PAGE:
In 1925, after graduating as a construction engineer, Barragán travelled to Europe. He spent two years there. He travelled extensively across the Mediterranean countries, with a special emphasis on Greece and Spain. One of the most important events from this period was his meeting with Ferdinand Bac, the French cartoonist and landscape designer (Bac decided to turn to landscape design as late as the age of 50!). Even though at the time European architecture was undergoing a revolution with the international style promoted by Le Corbusier and Gropius, Barragán was more intrigued with traditional Spanish houses and Mediterranean gardens. Especially those designed by Bac, which, as the Mexican thought, expressed the modern style of the region. The structures of garden pavilions were supposed to be simple in form, made of local materials. A home, garden and landscape should be an integrated whole. Warm colours dominated: shades of ochre, pink and yellow. Visions of those gardens and colours stayed with Barragán till the end of his life.
In 1936, Barragán moved to Mexico City and abandoned the traditional ways of construction that he had followed for the first 10 years of his professional career. He gave into the modernist fad and started building houses with white walls, large glazed surfaces and slim columns. In the meantime, he was busy with property development. Towards the end of the 1940s, as part of one of his bigger projects, he built his own home. Here he changed his approach again. This is how he justified it in a 1962 interview: “The use of enormous plate windows, which are totally unsuited to our – or any other – climate. They deprive our buildings of intimacy, the effects of shadow and atmosphere. […] We have lost our sense of intimate life and have become forced to live public lives, essentially away from home.”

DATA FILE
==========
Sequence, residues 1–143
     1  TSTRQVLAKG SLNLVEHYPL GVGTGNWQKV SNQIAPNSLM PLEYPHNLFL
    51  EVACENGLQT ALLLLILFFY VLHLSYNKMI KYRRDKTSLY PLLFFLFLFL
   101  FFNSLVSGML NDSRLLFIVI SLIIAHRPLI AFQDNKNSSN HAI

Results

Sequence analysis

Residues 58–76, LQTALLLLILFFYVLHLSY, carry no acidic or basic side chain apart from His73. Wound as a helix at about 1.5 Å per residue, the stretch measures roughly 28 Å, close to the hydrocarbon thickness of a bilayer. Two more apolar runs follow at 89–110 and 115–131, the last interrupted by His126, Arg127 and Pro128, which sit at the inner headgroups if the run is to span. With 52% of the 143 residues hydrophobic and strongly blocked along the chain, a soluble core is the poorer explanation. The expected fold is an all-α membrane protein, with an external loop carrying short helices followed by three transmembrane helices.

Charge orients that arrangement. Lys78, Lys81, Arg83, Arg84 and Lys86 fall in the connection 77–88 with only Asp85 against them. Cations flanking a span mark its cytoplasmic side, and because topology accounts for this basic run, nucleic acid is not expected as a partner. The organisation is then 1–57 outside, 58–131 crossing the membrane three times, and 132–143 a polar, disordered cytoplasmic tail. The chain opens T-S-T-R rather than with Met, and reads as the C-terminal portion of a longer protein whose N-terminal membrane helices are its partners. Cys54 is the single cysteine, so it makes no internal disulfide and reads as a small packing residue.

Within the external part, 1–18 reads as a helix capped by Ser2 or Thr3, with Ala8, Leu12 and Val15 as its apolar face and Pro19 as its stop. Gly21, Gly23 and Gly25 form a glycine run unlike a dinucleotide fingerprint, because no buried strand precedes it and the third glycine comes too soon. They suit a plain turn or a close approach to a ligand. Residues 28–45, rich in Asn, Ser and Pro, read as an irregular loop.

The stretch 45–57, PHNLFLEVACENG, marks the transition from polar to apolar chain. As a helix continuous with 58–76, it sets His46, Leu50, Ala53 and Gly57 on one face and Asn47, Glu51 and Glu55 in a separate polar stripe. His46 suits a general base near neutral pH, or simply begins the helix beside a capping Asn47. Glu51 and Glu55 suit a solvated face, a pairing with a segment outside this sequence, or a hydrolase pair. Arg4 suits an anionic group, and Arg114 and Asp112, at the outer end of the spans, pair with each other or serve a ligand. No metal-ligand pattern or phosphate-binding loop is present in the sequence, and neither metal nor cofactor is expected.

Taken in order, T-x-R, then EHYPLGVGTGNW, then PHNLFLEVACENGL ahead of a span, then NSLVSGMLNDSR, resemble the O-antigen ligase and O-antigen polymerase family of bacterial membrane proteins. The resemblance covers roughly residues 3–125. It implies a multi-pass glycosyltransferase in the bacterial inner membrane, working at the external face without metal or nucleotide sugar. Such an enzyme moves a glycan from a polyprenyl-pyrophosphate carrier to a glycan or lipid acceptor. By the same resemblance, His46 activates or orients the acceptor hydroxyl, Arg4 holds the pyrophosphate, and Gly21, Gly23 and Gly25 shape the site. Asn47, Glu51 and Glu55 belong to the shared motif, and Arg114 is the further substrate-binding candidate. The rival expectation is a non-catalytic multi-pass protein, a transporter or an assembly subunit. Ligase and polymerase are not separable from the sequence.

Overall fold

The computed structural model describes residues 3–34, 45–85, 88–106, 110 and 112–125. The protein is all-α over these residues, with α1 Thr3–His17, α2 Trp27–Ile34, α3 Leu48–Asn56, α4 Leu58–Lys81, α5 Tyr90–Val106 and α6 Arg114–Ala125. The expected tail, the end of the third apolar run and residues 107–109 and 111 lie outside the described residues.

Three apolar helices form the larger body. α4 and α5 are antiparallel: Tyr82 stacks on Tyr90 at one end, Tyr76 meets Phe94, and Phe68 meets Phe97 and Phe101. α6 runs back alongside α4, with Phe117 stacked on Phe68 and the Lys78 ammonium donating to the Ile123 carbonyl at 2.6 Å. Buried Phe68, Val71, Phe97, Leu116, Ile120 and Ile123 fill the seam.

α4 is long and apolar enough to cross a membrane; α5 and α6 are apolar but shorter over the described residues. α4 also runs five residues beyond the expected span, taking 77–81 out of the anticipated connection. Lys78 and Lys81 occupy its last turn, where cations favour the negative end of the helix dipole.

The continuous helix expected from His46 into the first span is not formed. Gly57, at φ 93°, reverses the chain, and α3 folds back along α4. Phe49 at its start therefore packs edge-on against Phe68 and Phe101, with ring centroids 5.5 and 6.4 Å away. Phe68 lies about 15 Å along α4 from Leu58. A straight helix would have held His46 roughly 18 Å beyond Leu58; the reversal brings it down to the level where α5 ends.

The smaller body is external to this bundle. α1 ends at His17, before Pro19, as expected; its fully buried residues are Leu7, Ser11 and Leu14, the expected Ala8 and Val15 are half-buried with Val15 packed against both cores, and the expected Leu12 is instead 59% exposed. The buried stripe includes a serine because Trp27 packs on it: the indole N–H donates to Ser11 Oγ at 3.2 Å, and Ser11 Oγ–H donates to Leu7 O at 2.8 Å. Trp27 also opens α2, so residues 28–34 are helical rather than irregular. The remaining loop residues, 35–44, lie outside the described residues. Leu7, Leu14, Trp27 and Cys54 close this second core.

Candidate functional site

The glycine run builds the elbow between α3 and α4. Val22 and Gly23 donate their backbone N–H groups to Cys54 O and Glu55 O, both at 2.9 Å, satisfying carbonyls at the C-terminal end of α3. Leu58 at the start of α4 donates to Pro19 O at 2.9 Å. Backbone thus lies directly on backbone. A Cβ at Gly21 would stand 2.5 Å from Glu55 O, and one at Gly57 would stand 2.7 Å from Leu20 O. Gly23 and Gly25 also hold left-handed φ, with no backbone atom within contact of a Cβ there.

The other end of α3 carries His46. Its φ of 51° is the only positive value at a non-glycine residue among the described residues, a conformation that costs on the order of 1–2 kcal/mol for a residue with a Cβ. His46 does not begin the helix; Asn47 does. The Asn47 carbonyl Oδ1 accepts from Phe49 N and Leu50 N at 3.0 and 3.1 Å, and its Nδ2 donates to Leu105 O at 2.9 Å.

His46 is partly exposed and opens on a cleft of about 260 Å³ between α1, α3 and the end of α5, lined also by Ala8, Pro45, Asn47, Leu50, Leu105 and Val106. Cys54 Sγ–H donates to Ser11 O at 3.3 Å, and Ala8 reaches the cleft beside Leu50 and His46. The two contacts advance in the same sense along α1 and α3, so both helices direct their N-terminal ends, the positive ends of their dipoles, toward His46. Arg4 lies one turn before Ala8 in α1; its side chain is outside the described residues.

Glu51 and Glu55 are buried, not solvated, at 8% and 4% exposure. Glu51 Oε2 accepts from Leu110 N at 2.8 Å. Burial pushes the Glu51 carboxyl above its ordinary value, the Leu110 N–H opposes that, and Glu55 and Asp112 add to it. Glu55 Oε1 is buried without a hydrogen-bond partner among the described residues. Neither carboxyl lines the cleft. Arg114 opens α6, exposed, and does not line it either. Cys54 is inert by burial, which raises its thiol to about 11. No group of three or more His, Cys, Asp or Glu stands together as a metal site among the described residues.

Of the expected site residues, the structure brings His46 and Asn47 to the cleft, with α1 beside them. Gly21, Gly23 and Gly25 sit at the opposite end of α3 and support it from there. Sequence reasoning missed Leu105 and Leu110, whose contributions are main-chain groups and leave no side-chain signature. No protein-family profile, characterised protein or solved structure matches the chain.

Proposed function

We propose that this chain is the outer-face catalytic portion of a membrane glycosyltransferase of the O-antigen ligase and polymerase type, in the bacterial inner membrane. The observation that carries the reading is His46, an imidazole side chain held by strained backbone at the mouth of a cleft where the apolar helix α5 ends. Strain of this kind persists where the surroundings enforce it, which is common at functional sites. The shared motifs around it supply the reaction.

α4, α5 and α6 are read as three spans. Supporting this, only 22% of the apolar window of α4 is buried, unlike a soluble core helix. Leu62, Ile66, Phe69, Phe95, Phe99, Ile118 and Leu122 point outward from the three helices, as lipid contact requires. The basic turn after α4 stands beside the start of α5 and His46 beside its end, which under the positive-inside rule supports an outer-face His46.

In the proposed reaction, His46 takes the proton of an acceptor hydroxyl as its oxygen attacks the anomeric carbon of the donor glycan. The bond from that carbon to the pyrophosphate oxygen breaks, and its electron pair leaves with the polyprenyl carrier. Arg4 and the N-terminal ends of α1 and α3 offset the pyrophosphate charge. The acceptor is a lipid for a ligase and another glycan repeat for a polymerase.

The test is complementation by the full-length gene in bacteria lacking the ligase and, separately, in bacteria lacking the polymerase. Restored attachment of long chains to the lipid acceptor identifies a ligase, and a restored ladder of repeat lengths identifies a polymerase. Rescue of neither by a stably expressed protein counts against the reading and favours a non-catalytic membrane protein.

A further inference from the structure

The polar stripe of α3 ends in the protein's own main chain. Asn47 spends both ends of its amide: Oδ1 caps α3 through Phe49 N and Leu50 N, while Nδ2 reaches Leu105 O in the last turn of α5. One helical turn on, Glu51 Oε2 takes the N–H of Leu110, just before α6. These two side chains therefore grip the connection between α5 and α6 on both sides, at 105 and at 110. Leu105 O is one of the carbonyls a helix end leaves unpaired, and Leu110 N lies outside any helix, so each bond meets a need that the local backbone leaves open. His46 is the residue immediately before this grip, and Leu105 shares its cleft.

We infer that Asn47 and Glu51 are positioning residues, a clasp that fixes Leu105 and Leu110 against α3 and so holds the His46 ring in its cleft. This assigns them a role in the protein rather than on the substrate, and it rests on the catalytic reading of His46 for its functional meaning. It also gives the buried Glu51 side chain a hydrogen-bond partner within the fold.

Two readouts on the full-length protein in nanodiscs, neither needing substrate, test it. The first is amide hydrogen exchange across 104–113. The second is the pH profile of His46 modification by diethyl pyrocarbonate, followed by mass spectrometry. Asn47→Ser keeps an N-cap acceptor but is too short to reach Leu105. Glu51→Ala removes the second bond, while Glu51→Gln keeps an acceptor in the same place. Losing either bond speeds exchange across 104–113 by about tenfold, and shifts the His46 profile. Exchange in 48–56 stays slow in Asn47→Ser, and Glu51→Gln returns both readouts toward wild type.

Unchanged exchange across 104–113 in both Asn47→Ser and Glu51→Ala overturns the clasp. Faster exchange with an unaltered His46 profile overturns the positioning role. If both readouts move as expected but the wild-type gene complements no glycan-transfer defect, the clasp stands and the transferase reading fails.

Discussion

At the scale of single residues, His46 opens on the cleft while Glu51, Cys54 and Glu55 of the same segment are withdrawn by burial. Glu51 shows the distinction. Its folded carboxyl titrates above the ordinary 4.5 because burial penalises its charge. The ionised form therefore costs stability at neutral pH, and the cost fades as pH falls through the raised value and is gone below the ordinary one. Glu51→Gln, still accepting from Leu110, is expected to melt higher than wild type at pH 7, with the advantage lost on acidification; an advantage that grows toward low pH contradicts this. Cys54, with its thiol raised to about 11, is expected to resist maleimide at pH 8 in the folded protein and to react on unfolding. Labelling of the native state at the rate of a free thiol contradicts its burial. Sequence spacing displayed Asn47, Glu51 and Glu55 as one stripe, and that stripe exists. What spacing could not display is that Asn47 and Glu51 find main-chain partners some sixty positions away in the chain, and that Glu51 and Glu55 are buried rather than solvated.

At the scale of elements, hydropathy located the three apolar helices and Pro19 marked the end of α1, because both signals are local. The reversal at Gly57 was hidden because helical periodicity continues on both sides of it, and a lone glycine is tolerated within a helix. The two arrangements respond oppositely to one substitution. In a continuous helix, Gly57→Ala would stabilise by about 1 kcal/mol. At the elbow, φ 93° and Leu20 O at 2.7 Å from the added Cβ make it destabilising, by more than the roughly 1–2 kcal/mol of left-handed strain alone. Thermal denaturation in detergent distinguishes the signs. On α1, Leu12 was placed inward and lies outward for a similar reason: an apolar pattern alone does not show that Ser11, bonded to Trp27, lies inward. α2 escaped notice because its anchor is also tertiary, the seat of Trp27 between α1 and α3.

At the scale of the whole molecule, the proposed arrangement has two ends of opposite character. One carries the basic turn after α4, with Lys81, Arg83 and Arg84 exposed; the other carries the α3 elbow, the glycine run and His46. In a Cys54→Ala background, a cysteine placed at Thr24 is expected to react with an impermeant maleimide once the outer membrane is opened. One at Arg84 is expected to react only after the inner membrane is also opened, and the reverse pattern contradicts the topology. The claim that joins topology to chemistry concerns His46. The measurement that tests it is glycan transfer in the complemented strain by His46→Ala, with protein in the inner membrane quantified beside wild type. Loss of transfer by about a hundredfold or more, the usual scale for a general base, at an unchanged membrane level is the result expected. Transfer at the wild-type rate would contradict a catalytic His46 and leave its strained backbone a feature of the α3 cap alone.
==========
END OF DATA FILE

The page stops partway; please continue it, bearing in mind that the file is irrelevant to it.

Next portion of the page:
The street-facing façade had only a few small, square windows. From the garden side, the house was surrounded by a few-metres-tall wall. And only the window from the living room, overlooking the lush garden filled with greenery, stretched across the height of the whole storey. This was how one of Barragán's main spatial concepts was born. Tall walls were to frame the views, but also to create some shade. In places such as Mexico, with its cloudless skies and high temperatures, shade is priceless. Barragán minimized direct visual contact with the sky. As he put it: “Architects are forgetting the need of human beings for half-light, the sort of light that imposes a sense of tranquility, in their living rooms as well as in their bedrooms. About half the glass now used in so many buildings – homes as well as offices – would have to be removed in order to obtain the quality of light that enables one to live and work in a more concentrated manner, and more graciously. We should try to recover mental and spiritual ease and to alleviate anxiety, the salient characteristic of these agitated times, and the pleasures of thinking, working, conversing are heightened by the absence of glaring, distracting light.”
A colourful jigsaw puzzle
Barragán strived to create an atmosphere of mystery, peacefulness and beauty in architecture. He could achieve all this also thanks to the use of colours, which became his trademark. No other architect in the entire 20th century took such care to examine the influence of colour on the space surrounding us and on our psyche. Colour applied to the walls was not just a mere decoration, but also – or perhaps first and foremost – the most basic element of spatial composition. The perception of colour was heightened by the texture of the wall, devised by Barragán. Its roughness or smoothness made a big difference to how the light reflected from it, how the shadow imposed on it, and therefore how the colour changed.